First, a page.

Goodbye to All That

After twenty-four years of membership, I’ve resigned from SFWA.

Various people are upset with me about this, though in some cases I wonder why. Some people are also surprised by it, which is just ridiculous, as they’re clearly demonstrating that they can’t read plain English.

As the result of an incident several weeks ago, I said that I would not remain a member of SFWA if another person was a member.

I never said a damned thing about wanting anyone else to do anything about this. I never asked the president or the Board of Directors to do anything. I didn’t make any threats. I tried to make clear that this was an absolutely non-negotiable situation, plain and simple — I would not be a member of SFWA if he was.

At the time, he wasn’t, as he hadn’t paid his 2006 dues.

He paid them. SFWA accepted them. I resigned. Utterly straightforward and clear.

Since then, people have accused me of trying to blackmail the Board, or making unreasonable demands. I made no demands; I stated a fact. Several people seem convinced I had demanded his expulsion; I did no such thing. I’ve been told I demanded immediate action; I did not. I just said that if he was a member, I wasn’t.

At the request of friends I held back my resignation until the Board had considered the matter and his dues check was deposited, but there was no way I could in good conscience remain once that money was in the bank. I like to think I’m a man of my word.

Other people tried to talk me out of resigning by pointing out that the Board had created this ferocious new penalty of formal censure and applied it to him. Wasn’t that enough?

Well, no. I never said he should be punished. I don’t care whether he’s punished. I don’t care whether he’s painted green and forced to dance atop the Superdome. I said I could not be a member if he is. Censured or not, he’s a member again, so I’m not.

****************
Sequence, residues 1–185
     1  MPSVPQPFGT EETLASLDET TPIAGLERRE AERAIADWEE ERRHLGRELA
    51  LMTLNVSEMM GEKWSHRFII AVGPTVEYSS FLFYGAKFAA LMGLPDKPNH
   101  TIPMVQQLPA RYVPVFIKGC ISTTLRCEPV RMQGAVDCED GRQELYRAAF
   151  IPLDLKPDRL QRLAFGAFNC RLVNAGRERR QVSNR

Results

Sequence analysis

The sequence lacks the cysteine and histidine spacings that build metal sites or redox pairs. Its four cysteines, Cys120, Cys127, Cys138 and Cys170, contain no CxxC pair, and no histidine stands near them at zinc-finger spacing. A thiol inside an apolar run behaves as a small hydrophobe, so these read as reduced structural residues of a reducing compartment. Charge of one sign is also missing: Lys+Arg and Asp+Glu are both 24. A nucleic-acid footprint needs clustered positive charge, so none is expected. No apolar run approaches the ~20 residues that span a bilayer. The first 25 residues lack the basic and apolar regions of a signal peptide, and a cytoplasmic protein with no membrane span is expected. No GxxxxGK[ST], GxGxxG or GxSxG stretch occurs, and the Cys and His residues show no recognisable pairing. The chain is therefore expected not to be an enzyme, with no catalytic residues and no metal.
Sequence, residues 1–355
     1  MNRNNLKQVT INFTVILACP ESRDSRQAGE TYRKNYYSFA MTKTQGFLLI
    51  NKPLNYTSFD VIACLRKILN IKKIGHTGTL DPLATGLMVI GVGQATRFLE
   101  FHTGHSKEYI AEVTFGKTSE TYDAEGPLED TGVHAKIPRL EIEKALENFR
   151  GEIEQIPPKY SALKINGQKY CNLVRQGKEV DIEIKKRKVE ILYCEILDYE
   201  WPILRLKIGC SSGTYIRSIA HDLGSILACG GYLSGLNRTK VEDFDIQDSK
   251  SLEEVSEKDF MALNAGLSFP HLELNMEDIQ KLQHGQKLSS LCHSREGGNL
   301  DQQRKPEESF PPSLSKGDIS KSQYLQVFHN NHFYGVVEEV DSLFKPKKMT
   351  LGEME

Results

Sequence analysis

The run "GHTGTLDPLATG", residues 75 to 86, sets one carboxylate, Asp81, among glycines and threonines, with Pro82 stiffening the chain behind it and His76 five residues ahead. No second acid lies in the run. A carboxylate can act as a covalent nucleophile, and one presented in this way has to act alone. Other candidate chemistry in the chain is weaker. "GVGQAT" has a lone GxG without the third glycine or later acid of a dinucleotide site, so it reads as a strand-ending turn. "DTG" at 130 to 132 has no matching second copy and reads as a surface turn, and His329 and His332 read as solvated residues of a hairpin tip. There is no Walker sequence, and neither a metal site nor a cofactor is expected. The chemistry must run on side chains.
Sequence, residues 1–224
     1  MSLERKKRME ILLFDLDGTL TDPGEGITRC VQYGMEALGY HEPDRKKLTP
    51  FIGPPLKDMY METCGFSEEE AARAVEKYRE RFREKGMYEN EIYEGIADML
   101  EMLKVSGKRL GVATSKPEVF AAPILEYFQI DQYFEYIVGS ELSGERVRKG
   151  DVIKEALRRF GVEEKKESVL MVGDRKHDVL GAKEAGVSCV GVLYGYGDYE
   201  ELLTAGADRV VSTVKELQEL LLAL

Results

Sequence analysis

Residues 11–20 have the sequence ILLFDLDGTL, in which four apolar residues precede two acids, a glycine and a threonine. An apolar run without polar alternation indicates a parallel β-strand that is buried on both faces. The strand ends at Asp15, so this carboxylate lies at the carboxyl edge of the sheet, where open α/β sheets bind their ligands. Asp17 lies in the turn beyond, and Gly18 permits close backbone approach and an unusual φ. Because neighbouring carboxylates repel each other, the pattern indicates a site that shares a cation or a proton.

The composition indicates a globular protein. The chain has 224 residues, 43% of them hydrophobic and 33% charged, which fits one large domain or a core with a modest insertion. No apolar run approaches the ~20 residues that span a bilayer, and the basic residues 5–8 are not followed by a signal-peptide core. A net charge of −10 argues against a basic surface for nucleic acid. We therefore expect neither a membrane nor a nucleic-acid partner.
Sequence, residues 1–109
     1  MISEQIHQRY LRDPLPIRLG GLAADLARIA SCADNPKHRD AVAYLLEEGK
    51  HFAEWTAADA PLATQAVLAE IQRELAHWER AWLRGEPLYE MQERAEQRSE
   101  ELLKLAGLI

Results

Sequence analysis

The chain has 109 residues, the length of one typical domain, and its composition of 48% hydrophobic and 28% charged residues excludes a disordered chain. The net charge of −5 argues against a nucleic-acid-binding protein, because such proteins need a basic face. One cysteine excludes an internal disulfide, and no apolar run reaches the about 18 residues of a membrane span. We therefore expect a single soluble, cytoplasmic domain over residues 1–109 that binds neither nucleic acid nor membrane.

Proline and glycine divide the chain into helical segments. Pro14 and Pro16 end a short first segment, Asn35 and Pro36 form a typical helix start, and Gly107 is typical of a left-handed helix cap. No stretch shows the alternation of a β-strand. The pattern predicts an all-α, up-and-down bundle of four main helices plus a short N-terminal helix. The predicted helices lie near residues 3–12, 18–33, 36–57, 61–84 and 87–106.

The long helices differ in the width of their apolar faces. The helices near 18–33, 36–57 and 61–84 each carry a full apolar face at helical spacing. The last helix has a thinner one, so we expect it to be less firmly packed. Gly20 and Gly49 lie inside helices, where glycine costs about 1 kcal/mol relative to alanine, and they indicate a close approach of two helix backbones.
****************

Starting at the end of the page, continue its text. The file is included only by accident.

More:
I don’t appreciate being offered ways to weasel out of my given word; it implies I can be weaseled out of a promise. I don’t want to be appeased. I don’t want compromise. I don’t want anything from SFWA — except out. If SFWA will allow him to be a member, then it is not an organization I am willing to belong to.

If SFWA is run by people who think they can talk me into breaking my word, then SFWA is not an organization I am willing to belong to.

If it seems as if I’m pounding this into the ground, well, yes. I’m tired of being misunderstood, of having my position misstated, of having people offer excuses and compromises, of having people doubt my word.

I’m tired of SFWA.

I’ve put up with a lot from SFWA over the years; all in all, the organization does a great deal of good. The Grievance Committee is invaluable, the Emergency Medical Fund has been a godsend for many people, and the social value is undeniable — writers lead strange lives, and it’s good to have a way to meet other people who understand that lifestyle. So I’ve tolerated sloppiness and foolishness and cowardice, always telling myself that it’s just a few individuals, just the current officers, whatever.